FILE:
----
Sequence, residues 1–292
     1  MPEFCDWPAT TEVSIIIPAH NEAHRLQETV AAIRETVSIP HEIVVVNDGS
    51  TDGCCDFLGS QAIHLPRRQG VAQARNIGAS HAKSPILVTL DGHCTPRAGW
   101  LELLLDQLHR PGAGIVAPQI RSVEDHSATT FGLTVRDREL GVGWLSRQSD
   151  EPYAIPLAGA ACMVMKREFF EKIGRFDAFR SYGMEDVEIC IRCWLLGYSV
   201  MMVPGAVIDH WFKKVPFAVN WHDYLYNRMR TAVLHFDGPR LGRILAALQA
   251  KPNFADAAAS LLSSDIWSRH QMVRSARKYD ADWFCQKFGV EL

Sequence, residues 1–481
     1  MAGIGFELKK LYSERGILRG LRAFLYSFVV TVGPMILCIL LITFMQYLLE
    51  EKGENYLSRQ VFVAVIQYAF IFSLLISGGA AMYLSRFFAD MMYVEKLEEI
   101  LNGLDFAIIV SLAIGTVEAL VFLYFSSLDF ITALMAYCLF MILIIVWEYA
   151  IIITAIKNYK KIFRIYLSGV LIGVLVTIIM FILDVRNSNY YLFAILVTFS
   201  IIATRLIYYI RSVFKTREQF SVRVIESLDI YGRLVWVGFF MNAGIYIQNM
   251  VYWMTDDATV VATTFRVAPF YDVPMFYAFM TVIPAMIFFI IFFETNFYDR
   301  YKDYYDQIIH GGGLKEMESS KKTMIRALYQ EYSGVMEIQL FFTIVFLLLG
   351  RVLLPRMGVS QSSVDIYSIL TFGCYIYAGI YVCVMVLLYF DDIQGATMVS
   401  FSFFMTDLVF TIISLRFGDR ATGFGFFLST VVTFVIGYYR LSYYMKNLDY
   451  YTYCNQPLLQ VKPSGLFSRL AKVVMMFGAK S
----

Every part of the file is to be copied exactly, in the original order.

Sequence, residues 1–292
     1  MPEFCDWPAT TEVSIIIPAH NEAHRLQETV AAIRETVSIP HEIVVVNDGS
    51  TDGCCDFLGS QAIHLPRRQG VAQARNIGAS HAKSPILVTL DGHCTPRAGW
   101  LELLLDQLHR PGAGIVAPQI RSVEDHSATT FGLTVRDREL GVGWLSRQSD
   151  EPYAIPLAGA ACMVMKREFF EKIGRFDAFR SYGMEDVEIC IRCWLLGYSV
   201  MMVPGAVIDH WFKKVPFAVN WHDYLYNRMR TAVLHFDGPR LGRILAALQA
   251  KPNFADAAAS LLSSDIWSRH QMVRSARKYD ADWFCQKFGV EL

Sequence, residues 1–481
     1  MAGIGFELKK LYSERGILRG LRAFLYSFVV TVGPMILCIL LITFMQYLLE
    51  EKGENYLSRQ VFVAVIQYAF IFSLLISGGA AMYLSRFFAD MMYVEKLEEI
   101  LNGLDFAIIV SLAIGTVEAL VFLYFSSLDF ITALMAYCLF MILIIVWEYA
   151  IIITAIKNYK KIFRIYLSGV LIGVLVTIIM FILDVRNSNY YLFAILVTFS
   201  IIATRLIYYI RSVFKTREQF SVRVIESLDI YGRLVWVGFF MNAGIYIQNM
   251  VYWMTDDATV VATTFRVAPF YDVPMFYAFM TVIPAMIFFI IFFETNFYDR
   301  YKDYYDQIIH GGGLKEMESS KKTMIRALYQ EYSGVMEIQL FFTIVFLLLG
   351  RVLLPRMGVS QSSVDIYSIL TFGCYIYAGI YVCVMVLLYF DDIQGATMVS
   401  FSFFMTDLVF TIISLRFGDR ATGFGFFLST VVTFVIGYYR LSYYMKNLDY
   451  YTYCNQPLLQ VKPSGLFSRL AKVVMMFGAK S